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Can Am Maverick X3 EVP Billet Boost Recirculating Valve

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The EVP Boost Recirculation Valve (BRV) was designed to improve boost response and prevent turbocharger compressor stalling on the Maverick X3 turbo.

The EVP BRV was made specifically for customers that do not want to hear the “PSSSHH” sound of a BOV or customers that ride in the mud holes, creeks where a traditional BOV can ingest water. The BRV utilizes a completely sealed closed loop system and the diverted pressure is ducted back to the inlet of the turbocharger through our included silicone hose and adapter fittings. Requires EVP Silicone Charge Tube Kit and V-Flow intake tube available here:

17-19 charge tube

17-19 V-flow tube

20+ charge tube

20+ V-flow tube

  • Precision CNC machined from billet aluminum
  • Hard anodized body and Teflon coated piston
  • Easy bolt-on kit with all required fittings, clamps, etc. included
  • Proudly machined and made in the USA

What's the Difference Between a Blow Off Valve and a Boost Recirculating Valve? 

A blow-off valve (BOV) and boost recirculating valve (BRV) are very similar mechanically and perform similar jobs; they just do it in two different ways. Both valve bodies are attached to the charge tube, and both are designed to release turbocharger pressurized air once the throttle body closes to prevent turbocharger compressor "stalling".  Both valves are also connected to a manifold vacuum / pressure port so when the throttle body closes, the manifold vacuum pulls the BRV/BOV piston open and when the throttle blade opens and the manifold sees positive pressure, the piston of the BOV/BRV valve closes.  When the BRV valve is open, the built-up pressure in the charge air system gets diverted back to the fresh air side of the turbocharger and helps to keep the turbocharger spooled up when the throttle is being modulated from part throttle to wide open throttle then back to part throttle.  This makes the boost response crisper in these throttle modulation situations. A BOV is operated the same way but instead of venting the built-up pressure back to the turbo inlet, a BOV vents most of this pressurized air to the atmosphere and the notorious “Pssshh” sound is emitted.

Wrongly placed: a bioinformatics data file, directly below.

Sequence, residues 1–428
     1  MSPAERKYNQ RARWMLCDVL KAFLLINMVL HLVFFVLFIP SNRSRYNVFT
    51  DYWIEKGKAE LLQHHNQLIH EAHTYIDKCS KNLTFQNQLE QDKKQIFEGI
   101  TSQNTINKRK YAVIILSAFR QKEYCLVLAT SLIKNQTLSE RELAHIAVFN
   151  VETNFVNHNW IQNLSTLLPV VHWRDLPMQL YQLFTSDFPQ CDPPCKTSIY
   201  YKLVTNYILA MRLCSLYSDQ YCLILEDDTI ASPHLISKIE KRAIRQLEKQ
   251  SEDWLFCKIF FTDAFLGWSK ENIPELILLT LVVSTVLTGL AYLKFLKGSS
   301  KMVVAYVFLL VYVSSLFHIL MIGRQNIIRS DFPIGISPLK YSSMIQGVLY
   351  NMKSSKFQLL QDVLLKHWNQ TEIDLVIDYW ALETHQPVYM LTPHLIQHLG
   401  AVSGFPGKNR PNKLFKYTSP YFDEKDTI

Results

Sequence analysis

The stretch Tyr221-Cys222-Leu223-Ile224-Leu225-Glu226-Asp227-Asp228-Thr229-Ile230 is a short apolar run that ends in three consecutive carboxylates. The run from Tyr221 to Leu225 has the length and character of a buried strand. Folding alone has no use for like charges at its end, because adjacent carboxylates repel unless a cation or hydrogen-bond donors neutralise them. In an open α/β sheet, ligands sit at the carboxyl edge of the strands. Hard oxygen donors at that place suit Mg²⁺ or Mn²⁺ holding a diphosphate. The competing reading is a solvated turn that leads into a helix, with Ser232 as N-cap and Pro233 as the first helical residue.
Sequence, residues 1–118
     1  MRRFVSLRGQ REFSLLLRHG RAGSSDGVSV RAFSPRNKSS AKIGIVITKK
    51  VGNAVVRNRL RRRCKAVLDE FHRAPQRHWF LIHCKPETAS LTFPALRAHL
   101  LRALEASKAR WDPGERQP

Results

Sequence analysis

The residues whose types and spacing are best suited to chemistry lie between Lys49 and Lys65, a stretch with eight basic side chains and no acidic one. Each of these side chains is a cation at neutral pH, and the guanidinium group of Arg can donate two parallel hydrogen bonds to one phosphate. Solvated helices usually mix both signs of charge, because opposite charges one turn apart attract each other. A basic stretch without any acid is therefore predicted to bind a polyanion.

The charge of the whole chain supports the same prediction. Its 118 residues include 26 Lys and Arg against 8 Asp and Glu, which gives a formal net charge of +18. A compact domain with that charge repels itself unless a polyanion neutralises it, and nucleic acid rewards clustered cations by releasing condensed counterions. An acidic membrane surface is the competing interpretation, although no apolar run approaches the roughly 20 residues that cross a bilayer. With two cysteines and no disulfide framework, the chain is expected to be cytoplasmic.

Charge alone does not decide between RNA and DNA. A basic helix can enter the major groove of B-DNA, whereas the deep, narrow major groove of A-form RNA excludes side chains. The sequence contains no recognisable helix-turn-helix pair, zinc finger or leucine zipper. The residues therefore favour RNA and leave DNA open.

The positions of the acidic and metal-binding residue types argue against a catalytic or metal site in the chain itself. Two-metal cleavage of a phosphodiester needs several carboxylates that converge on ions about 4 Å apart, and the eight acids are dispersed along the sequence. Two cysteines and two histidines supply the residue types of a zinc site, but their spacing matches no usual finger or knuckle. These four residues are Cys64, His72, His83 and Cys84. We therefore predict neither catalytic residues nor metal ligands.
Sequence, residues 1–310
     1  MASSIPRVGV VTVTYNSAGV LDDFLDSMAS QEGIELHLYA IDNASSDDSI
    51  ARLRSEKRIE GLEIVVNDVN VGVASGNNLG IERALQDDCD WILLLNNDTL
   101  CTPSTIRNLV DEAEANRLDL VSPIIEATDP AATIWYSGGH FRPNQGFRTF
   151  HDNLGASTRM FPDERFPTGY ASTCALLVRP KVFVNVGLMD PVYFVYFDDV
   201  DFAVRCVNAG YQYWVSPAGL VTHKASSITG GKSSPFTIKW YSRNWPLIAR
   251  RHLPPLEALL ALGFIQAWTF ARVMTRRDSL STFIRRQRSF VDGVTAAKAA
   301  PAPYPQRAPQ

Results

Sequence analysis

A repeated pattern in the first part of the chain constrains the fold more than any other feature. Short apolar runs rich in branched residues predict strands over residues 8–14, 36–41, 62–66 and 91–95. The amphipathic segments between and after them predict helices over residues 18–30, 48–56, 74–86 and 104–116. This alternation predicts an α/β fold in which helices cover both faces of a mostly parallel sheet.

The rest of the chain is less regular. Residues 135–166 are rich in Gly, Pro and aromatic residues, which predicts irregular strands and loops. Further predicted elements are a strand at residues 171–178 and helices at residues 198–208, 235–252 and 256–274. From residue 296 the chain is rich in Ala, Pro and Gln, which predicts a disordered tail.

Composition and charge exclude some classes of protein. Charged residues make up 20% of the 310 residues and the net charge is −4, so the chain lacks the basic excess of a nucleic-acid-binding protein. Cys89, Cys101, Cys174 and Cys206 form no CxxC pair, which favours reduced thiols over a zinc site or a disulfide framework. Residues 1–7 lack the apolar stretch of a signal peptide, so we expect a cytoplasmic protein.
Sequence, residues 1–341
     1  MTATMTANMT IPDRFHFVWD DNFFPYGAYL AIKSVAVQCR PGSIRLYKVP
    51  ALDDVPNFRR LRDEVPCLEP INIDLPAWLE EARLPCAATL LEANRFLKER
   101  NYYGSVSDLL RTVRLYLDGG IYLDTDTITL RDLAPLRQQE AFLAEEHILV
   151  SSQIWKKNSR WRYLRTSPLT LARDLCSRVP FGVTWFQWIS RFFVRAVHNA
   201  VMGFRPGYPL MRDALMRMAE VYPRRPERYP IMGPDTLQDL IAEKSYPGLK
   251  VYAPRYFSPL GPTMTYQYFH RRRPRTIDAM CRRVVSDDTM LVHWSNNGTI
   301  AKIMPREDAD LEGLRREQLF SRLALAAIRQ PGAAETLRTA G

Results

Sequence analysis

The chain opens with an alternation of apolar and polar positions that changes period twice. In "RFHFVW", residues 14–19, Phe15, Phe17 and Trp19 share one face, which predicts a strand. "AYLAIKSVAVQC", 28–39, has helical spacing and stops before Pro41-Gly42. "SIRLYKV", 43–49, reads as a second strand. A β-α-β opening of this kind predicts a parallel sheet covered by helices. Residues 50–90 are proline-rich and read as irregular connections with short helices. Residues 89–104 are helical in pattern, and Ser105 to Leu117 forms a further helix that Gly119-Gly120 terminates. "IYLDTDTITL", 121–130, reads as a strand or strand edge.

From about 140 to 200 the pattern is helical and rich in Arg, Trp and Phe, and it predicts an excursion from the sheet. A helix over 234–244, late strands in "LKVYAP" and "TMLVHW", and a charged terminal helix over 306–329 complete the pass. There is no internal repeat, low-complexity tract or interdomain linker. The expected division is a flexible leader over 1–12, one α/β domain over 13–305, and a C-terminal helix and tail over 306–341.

Install instructions available here